2. Finding a replacement Digital Camera. Digital cameras are expensive here. Nicaragua and Honduras were going to charge me $300 for a crappy Kodak digital camera I found out I could get in the US for $100 online. Costa Rica definitely has a bigger selection, but is still twice as expensive. Might wait till I get to Panama City, and get a camera to take to Panama Canal.

3. The front brakes on my car are worn out. I mean it’s on the verge of completely burning out. So I carefully drove to the nearest beach town, Playa Coco, which I am in right now. The parts for older Mercedes is very, very hard to come by. One of the mechanic shops I went to yesterday had a guy named Jesus, who I believe told me that he will be going to the capital city San Jose to pick them up on Monday. I need to call him on Tuesday morning at 9 AM. If he was unable to get it or plain forgot, I need to get in touch with one of the shops in the States to FedEx me the parts, or I need to drive 6 hours to the capital myself. Hopefully, all of this happens before I ship my car, but shipping the car right now is #1 priority and would take precedence.

26 Jun 07

I got my worry number 3 fixed on the 26th. Considering how low I believed my brakes were and how there are virtually no pre-1990 Mercedes in Costa Rica, I am relieved that I was able to fix the problem to continue on this journey. I am keeping a fairly thorough journal, but I won’t be sharing too much of that. I doubt anyone will read all or any of it, and I would like to keep a lot of these experiences private for now. But the following is an abridged version of that particular day.

Since I haven’t had a camera for the past week, I have no pictures to upload. But the following journal entry will be better than any picture if you take the time to read it.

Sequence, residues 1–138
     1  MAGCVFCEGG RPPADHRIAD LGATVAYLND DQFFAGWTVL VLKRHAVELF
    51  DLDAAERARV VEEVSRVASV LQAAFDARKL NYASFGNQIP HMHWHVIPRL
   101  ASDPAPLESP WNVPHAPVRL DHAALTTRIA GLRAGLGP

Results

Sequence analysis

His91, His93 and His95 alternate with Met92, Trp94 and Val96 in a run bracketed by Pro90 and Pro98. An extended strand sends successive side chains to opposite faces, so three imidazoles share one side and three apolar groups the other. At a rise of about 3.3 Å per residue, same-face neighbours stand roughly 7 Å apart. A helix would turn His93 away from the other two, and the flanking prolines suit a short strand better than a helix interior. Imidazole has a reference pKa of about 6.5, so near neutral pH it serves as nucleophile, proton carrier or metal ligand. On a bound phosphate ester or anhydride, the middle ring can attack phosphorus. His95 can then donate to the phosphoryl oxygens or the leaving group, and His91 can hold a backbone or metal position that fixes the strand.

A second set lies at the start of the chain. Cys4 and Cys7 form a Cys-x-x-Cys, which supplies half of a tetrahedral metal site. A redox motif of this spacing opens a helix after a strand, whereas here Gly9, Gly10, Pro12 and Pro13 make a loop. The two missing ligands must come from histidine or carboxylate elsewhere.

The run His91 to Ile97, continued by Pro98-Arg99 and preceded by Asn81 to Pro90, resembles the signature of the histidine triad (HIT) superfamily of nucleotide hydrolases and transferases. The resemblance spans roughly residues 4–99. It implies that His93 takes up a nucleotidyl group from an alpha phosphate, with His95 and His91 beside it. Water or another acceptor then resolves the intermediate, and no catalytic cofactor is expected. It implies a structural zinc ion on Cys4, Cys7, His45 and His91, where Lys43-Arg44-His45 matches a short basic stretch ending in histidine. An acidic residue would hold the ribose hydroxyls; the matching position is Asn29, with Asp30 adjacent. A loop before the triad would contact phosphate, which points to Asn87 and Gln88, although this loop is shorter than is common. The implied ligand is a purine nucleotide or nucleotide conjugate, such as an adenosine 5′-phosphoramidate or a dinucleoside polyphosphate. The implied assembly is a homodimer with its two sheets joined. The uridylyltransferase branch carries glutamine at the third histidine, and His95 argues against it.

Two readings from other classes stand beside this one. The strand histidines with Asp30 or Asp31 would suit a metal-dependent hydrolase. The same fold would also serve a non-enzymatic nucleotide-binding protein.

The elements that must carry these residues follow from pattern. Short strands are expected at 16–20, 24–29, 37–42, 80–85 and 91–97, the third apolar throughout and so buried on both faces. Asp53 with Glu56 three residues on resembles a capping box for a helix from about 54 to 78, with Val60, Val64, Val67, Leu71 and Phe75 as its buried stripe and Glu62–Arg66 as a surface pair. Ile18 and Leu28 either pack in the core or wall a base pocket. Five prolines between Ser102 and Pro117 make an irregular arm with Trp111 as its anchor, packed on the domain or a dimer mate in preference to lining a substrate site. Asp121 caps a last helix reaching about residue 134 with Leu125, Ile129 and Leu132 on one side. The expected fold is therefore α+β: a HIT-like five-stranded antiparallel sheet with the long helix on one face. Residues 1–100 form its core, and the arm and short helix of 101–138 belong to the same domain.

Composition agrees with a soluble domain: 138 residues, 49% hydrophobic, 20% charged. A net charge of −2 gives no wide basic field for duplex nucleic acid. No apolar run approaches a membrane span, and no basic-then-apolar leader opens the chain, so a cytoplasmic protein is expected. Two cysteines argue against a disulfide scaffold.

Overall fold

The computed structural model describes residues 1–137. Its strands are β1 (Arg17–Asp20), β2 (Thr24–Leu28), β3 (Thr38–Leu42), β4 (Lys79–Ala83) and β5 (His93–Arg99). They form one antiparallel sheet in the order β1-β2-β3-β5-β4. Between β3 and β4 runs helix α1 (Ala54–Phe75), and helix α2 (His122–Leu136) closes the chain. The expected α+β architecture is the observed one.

……

Today will always be remembered. Always. As such, it was the first day that I truly regretted having a broken camera. But perhaps it’s for the best; it could have demystified the surreal experience.

On the 23rd, I go to a couple mechanics and ask them for Mercedes brake parts. There aren’t any in Liberia, Costa Rica. But one mechanic named Jesus says he’s going to go to the Capital at San Jose, see if he can’t find it, and return on Tuesday. So I decide to wait for 3 days by driving to the closest beach. I just take my chances without looking at the map, and head towards whichever beach the car wants to take me. I reach Playa Coco. It starts raining really badly at this point, and I’m walking around, looking for a hostel, tired, wet, and worn out.

I met Alvaro then on the 23rd. I was looking for a cheap hostal to stay in, and he points me towards a good one, right on the beach. I get to know him pretty well over the next few days. He’s Swiss, and he’s also done one of these road trips before. He started from Switzerland and drove through Greece, Turkey, Iran, Pakistan, Afghanistan, and off to New Delhi, India. He lived there for 7 years. He speaks 7 different languages, English, French, Spanish, Italian, and Hindi among them. He has lost contact with his parents and any extended family. His mother being Italian and his father being French, they’ve all been separated since World War II.